WASHINGTON, June 1 (Reuters) - Paul Wolfowitz became World Bank president on Wednesday and said his agenda would focus on Africa, tackling corruption and making poor countries feel less sidelined in the bank's decisions.
There was an enormous cacophony of criticism when Bush nominated him several months ago, and for a while European nations were threatening to block him, but he was appointed unanimously. I worried that to get the post he would have to make significant concessions to his critics that would limit his freedom of action as President, but that seems not to have been the case.
The World Bank under previous president James Wolfensohn was far from careful in how its money was spent. The result was a lot of waste and corruption, both in Bank programs and in recipient nations, so much of it that Congress was threatening to take action against the Bank.
[L]awmakers led by Indiana Republican Richard Lugar, chairman of the Senate Foreign Relations Committee, are fighting to stamp out corruption in multilateral development bank projects.Wolfowitz has made it clear that the party is over and that strict accountability will be enforced, both within the Bank and in recipients of its funds.
Lugar has presented legislation that would encourage independent auditing and transparency and would set up a trust fund to help poor countries combat corruption on their own.
To quiet his critics, Wofowitz has promised to be open to input from underdeveloped countries themselves in crafting Bank policies.
He said he wanted to ensure that developing countries that had complained to him about feeling alienated were brought into the decision-making of the bank.The key point here is that Wolfowitz has not specified any management changes, so it is unlikely that recipient nations will have any larger role in constructing policy than they had under Wolfensohn.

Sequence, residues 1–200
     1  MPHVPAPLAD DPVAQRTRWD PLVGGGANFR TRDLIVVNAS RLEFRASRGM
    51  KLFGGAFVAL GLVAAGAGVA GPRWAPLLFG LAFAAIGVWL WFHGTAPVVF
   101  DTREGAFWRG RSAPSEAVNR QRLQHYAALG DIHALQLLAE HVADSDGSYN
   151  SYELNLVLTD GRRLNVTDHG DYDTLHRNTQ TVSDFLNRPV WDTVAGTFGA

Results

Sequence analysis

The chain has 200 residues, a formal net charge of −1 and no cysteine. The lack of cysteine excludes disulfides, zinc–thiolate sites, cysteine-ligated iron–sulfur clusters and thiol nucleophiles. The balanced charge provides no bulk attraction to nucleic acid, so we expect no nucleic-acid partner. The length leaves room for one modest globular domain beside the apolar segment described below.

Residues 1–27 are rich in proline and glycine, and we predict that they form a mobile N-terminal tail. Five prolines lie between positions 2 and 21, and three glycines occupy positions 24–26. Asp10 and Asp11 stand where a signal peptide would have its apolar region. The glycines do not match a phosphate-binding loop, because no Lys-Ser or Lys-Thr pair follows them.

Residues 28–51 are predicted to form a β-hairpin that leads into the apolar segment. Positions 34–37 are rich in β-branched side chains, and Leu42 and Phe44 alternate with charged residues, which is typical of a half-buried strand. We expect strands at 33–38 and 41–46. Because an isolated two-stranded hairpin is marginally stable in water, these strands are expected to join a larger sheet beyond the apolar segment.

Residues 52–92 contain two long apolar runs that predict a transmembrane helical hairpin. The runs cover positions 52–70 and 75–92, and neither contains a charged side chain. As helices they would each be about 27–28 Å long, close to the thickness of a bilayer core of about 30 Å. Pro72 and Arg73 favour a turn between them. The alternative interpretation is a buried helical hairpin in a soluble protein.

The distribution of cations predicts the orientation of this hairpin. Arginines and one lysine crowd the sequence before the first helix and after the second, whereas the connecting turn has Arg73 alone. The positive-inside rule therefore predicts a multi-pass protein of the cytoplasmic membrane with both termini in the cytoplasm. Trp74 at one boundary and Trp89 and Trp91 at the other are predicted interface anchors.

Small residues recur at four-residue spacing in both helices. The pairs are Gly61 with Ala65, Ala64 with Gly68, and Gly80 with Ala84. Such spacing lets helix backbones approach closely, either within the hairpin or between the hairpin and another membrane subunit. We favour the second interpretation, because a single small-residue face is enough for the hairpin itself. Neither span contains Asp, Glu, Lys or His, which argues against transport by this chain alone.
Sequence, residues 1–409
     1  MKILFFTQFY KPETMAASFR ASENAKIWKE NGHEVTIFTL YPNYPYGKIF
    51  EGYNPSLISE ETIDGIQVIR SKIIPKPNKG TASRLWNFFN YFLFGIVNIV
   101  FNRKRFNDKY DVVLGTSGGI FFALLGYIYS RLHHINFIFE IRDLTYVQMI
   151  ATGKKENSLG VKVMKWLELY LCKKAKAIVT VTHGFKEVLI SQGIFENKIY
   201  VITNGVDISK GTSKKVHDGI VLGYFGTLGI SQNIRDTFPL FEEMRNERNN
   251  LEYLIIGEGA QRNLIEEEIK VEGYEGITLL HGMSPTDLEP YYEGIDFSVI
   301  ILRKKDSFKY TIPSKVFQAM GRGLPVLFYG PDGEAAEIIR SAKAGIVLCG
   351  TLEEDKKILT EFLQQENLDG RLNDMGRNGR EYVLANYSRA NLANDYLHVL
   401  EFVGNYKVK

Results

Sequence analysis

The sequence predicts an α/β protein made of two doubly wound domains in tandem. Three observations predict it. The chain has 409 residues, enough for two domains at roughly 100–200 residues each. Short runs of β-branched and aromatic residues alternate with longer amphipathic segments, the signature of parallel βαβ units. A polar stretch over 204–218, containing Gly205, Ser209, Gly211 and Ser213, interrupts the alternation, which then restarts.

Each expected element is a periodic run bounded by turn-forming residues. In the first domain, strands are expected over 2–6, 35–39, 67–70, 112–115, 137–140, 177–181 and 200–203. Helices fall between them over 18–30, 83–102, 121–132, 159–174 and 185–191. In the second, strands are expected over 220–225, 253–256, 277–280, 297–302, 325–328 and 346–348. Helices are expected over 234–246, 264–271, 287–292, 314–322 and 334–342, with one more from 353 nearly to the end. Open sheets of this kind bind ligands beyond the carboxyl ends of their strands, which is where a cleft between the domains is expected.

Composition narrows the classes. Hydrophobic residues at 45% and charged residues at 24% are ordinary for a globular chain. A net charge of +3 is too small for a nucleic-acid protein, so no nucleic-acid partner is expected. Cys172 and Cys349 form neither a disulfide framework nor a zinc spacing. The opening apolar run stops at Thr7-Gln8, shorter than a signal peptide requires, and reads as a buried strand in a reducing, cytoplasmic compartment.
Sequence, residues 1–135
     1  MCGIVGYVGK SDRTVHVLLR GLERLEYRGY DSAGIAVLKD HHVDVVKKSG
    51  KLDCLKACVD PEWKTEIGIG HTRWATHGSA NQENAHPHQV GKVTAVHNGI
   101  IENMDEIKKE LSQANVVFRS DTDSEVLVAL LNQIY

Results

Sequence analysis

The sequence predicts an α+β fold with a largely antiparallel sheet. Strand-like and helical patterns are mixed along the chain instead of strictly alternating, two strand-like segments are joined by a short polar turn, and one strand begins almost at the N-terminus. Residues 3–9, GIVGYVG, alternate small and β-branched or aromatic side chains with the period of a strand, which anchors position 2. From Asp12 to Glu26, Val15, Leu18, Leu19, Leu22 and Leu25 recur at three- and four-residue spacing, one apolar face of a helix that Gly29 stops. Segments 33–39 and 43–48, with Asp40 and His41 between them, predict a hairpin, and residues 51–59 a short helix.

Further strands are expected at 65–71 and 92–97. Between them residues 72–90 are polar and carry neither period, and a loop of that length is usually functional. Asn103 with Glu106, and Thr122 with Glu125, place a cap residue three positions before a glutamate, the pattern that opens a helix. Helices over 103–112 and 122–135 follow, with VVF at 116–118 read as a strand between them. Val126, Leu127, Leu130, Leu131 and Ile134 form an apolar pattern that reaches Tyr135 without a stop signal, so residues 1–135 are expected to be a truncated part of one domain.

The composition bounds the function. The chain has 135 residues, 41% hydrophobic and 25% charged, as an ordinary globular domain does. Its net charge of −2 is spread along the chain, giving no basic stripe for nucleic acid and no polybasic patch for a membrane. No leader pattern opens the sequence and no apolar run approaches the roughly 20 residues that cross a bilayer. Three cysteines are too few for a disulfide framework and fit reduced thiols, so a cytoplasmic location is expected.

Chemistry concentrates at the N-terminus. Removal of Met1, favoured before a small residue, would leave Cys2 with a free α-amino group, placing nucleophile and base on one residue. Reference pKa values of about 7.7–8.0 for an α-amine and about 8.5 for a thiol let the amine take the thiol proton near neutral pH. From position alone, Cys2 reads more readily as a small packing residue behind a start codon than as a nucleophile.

Without saying outright he would give them a bigger role through management changes, Wolfowitz said, "I would like to work very hard at changing that feeling so that at the very least their views are brought in a serious way."
Wolfowitz also refused to issue any guarantees that World Bank policy would not be coordinated with US interests, and he specifically stated that the Bank had a role to play in reconstructing countries devastated by war [a clear reference to Iraq, although he included Congo and Liberia].
Wolfowitz indicated that Africa would be a major focus of his efforts. Under his predecessor Wolfensohn, the emphasis had been on aid to alleviate poverty, but now the Bank will focus on development.
Basically, Wolfowitz is conceding nothing of substance to his critics. The World Bank is in for a spate of reform efforts. It will be interesting to see just how successful Wolfowitz will be in reforming the organization and its practices; NGO bureaucracies are notoriously resistant to change. I wish him well.
To help Africa develop, Wolfowitz said, requires a plan that combines developmen assistance, foreign private investment, the development of the private sector and progress in trade talks so Africans can sell what they produce on world markets.
"New energy, new commitment and new realism is required and I, as president of the World Bank, am ready to help that great institution make a contribution and a keen effort" to eradicate poverty, promote growth and eliminate corruption.
Read about it here and here.